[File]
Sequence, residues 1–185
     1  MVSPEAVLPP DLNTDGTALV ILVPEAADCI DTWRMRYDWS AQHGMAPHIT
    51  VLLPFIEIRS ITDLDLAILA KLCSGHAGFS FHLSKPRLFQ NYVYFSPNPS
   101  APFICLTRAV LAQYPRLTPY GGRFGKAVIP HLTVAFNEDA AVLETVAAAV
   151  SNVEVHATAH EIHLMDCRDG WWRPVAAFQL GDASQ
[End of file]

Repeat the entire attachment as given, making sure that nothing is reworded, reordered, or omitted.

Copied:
Sequence, residues 1–185
     1  MVSPEAVLPP DLNTDGTALV ILVPEAADCI DTWRMRYDWS AQHGMAPHIT
    51  VLLPFIEIRS ITDLDLAILA KLCSGHAGFS FHLSKPRLFQ NYVYFSPNPS
   101  APFICLTRAV LAQYPRLTPY GGRFGKAVIP HLTVAFNEDA AVLETVAAAV
   151  SNVEVHATAH EIHLMDCRDG WWRPVAAFQL GDASQ